There is a couple patterns I see with dyslexic spellings of initial blends. One of them is the use of <chr> when a word begins as <tr> and the other common one is using <jr> for words with an initial <dr>. Some experts might state that the child has not mastered phonemic awareness and I used to believe this. I would spend endless hours with them to separate the sound before the <r>. I now know that I was missing something valuable related to these English spellings and pronunciations. I realize that these children actually have excellent hearing and excellent discrimination of phones.
In the case of an initial word that begins with the blend <tr>, we blend it so quickly in connected speech that we often say <truck> as /tʃɹʌk/, although most people “think” that they say /tɹʌk/. Only when we say the word in isolation and really focus on the enunciation the <t> separate from the <r> does it actually sound like /tɹʌk/. The only way to understand the difference is to say a sentence with <truck> in it: The red truck is big. One may not fully agree with me, but when a student writes <truck> as <chruck>, they are able to distinguish the phone [tʃ] before the [ɹ]. Therefore they are translating the phoneme [tʃ] into <ch> as that is what most children are taught to do- translate phonemes into graphemes.
Upon studying word patters of <tr> and <chr>, I will share with you a secret. It’s actually no secret, because anyone can study what I have. All the words that I was able to find that had an initial <chr>, the <ch> grapheme was represented with a /k/ phoneme. Some common examples were <chrome>, <Christmas>, and <chronic>. I was unable to find any English words that started as <chr> that was pronounced [tʃɹ]. Therefore, whether or not it is argued that a child has or has not mastered phonemic awareness, a student can be informed that if they have an initial blend with the phones [tʃɹ] that it will never be spelled <chr>, as <chr> is reserved for /kɹ/.
When I encountered a substitution of <jr> for when the initial spelling was <dr>, I started to wonder if there was a similar constraint. This is another common “misspelling” that I see in dyslexic students. I researched words with an initial <jr> and there just isn’t any English words with an initial <jr>. Zero. One may ask, what about <jr.>? This is an abbreviation and it is still pronounced /ʤuːnjər/ in full. Again this child is reproducing the phones that we actually say in connected speech. Saying a word alone, one may separate the [d] and the [ɹ] when one says <dry>, but in connected speech it will be pronounced more like [ʤɹaɪ ]. Say, “The river is dry.” Most likely it was said [ʤɹaɪ]. Again, whether or not one agrees with the pronunciation, a student can be taught that the spelling will never be <jr> because English just doesn’t use that spelling sequence initially.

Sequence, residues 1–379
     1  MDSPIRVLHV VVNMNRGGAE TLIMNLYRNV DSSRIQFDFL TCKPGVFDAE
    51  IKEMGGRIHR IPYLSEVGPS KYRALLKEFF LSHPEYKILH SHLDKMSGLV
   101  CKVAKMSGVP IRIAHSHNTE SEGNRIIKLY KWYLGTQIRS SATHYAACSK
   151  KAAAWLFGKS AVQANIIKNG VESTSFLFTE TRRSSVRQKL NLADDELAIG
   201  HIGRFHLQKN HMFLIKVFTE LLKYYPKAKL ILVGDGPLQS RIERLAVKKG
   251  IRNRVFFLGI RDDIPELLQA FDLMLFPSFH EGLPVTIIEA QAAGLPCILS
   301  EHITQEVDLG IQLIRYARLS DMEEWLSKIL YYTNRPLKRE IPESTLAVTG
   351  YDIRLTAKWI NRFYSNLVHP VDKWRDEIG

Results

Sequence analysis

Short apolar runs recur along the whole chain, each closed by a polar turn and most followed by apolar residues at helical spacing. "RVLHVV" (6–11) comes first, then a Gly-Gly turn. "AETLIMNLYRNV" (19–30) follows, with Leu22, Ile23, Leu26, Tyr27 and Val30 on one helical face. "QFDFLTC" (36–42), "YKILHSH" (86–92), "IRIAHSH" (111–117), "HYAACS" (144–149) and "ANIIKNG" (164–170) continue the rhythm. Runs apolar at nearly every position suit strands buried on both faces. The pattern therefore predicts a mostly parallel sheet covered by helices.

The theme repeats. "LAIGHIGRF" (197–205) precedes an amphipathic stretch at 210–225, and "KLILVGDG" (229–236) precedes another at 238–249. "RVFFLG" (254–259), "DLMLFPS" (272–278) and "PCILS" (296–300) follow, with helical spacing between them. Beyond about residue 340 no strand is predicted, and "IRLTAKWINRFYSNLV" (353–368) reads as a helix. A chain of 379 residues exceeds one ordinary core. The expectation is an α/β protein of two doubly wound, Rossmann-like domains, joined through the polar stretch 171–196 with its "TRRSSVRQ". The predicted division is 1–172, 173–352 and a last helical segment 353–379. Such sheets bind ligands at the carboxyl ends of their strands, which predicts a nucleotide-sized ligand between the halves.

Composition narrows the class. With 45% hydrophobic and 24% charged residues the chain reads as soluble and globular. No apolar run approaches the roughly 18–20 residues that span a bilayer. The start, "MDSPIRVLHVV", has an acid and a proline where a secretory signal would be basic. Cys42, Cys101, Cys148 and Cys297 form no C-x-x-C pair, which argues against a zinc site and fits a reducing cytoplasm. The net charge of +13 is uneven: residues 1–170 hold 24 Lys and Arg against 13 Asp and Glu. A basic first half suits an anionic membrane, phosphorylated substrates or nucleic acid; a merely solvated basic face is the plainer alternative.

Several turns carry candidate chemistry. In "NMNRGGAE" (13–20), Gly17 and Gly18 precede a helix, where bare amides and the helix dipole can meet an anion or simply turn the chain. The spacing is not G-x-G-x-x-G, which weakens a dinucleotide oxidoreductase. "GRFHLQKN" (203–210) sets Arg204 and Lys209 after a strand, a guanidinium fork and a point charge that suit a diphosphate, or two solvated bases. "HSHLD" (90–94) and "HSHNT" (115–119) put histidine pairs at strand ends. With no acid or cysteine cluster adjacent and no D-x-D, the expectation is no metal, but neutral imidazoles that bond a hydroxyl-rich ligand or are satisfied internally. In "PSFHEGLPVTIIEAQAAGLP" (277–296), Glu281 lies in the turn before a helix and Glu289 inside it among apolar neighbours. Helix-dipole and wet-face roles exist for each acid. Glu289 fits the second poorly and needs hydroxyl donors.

The next question is why. Why do we not have words that start are <jr> or [tʃɹ]? The answer relates to a linguistic term phonotactics. Let me break down this word: phon(e) + o + tactic+s. The base <phon(e)> relates to sound produced by something with a mouth and lungs. The base <tactic> relates to arranging. So, <phonotactics> is about how we arrange our mouth/toungue to make phonemes. Why is this important? English (and all languages actually) has phonotactic constraints. There are certain consonant phones that we just don’t put together. When the movie, “Frozen” came out, I remember a long discussion with a student about the character Sven. She swore the character’s name was “Spen”. The reason is that we don’t typically have <sv> letter sequence in English. There is the loan word <svelte> but that’s about it. So this child’s brain interpreted the /sv/ phones into what makes “sense” and phonotactically possible in English, “thinking” it was “Spen”. It was a processing issue, not a hearing issue for an monolingual English speaker. If English allowed words to be spelled <jr> along with <tr> then we could more easily distinguish these phones. The phones [ʤɹ] is not phonologically distinctive from [tɹ] as there is only one way to spell both of these pronunciations, <tr>. Likewise the phones [tʃɹ] can only be realized in spelling with the graphemes<tr>. Phonotactics explains a lot about not only how we pronounce words, but can also help us to eliminate spelling patterns English doesn’t use. Thus it makes spelling a bit more easy to understand. I hope this explanation can help a student to understand the spelling patterns of <dr> and <tr> a little more easily.